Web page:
The ‘dirofilaria immiti’, known as heartworm, threatens dogs in Spain. This infectious disease can cause fatigue, weakness and loss of appetite in dogs. A group of scientists from the Faculty of Veterinary Medicine of the University of Las Palmas de Gran Canaria (ULPGC), including veterinarians José Alberto Montoya and Elena Carretón, and from the Laboratory of Parasitology of the University of Salamanca, represented by Rodrigo Morchón and Iván Rodríguez Escolar, has carried out a study to sequence the progress of this disease in Spain.
The scientists analyzed 9,543 blood samples from dogs from all the provinces and autonomous cities of Spain for the detection of D. immitis antigens. The researchers found a prevalence of 6.47%. The provinces with the highest prevalence were Tenerife (17.32%), Ibiza (17.09%), Gran Canaria (16.03%) and La Palma (15.65%), followed by Cádiz (13.68%), Pontevedra (12.61%), La Gomera (11.54%), Mallorca (11.24%) and Huelva (11.11%).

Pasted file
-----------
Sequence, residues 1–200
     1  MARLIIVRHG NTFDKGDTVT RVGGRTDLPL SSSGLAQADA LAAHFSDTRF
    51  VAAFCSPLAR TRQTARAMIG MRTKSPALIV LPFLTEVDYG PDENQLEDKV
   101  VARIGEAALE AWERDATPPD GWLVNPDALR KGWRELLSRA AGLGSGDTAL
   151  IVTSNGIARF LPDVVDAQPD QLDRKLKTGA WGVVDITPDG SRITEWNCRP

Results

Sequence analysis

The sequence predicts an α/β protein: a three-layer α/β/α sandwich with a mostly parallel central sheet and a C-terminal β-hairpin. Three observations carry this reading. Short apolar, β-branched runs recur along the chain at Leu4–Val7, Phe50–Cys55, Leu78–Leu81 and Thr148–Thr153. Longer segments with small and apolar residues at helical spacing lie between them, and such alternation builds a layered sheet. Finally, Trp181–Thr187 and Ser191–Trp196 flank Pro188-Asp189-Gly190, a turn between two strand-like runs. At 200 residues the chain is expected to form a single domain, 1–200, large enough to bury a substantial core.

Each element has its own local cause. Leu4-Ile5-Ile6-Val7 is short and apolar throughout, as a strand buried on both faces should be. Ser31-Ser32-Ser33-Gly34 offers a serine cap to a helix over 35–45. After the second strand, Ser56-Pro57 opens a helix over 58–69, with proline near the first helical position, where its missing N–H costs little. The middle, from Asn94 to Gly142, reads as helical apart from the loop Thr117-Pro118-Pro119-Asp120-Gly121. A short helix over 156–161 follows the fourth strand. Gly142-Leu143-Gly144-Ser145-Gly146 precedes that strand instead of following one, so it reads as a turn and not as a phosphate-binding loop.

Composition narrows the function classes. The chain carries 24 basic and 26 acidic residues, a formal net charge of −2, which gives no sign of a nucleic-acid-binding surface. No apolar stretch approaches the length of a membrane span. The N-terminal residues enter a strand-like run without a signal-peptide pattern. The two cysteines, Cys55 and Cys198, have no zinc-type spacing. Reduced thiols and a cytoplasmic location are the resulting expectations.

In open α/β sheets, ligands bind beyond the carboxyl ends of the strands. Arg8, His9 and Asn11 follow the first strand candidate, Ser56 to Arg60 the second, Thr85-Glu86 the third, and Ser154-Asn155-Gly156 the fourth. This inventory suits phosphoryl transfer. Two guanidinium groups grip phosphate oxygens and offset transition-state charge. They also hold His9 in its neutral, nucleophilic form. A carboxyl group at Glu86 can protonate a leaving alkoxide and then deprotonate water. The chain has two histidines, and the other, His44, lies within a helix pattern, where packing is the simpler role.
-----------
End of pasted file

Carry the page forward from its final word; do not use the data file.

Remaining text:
They also observed prevalence rates of less than 5% in the northern peninsular provinces, as well as in the central-eastern and southeastern peninsular provinces, while the provinces of the central-west, southwest and Mediterranean coast had prevalence rates of between 5-10%.
The scientists concluded that high temperatures combined with high humidity encourage the development of certain mosquitoes that transmit heartworm, the common mosquito ‘Culex pipiens’.
The presence of positive dogs was described for the first time in provinces and islands where previously no cases of infected dogs had been reported, which “demonstrates the continuous expansion and consolidation of dirofilariosis in Spain”, the study collects.